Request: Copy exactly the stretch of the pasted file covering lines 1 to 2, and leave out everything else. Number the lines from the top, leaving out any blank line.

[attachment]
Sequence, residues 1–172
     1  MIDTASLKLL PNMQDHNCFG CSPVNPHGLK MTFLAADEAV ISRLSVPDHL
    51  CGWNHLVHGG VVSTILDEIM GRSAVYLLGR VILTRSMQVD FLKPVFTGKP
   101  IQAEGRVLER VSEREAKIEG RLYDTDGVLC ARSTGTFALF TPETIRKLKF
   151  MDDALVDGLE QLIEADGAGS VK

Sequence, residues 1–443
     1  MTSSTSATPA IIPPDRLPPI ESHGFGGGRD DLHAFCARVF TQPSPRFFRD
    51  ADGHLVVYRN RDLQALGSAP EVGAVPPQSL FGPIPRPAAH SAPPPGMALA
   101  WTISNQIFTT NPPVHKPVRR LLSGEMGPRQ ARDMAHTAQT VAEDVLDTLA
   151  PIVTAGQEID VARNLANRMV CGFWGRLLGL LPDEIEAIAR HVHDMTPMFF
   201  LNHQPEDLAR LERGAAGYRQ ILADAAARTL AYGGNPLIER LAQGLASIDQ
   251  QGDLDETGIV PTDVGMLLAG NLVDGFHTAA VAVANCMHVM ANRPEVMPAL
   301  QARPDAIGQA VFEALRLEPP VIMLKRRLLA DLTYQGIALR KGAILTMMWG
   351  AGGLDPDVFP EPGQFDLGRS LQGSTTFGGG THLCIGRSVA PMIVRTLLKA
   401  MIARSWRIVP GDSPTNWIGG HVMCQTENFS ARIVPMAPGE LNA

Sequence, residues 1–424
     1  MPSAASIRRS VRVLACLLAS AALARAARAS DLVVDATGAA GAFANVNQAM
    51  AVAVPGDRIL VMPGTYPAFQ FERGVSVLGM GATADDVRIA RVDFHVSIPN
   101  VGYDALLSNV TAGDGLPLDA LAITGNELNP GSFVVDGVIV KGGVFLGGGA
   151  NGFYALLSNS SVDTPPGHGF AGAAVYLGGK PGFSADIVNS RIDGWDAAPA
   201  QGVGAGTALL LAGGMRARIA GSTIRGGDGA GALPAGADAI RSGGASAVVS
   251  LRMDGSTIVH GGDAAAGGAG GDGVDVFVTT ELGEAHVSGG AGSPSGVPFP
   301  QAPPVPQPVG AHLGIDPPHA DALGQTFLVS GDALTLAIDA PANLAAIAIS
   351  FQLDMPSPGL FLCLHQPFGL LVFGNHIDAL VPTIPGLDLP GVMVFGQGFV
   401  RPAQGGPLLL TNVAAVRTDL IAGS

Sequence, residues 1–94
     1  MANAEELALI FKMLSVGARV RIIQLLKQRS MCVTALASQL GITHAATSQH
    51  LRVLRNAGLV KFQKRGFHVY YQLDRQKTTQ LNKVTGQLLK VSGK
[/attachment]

Sequence, residues 1–172
     1  MIDTASLKLL PNMQDHNCFG CSPVNPHGLK MTFLAADEAV ISRLSVPDHL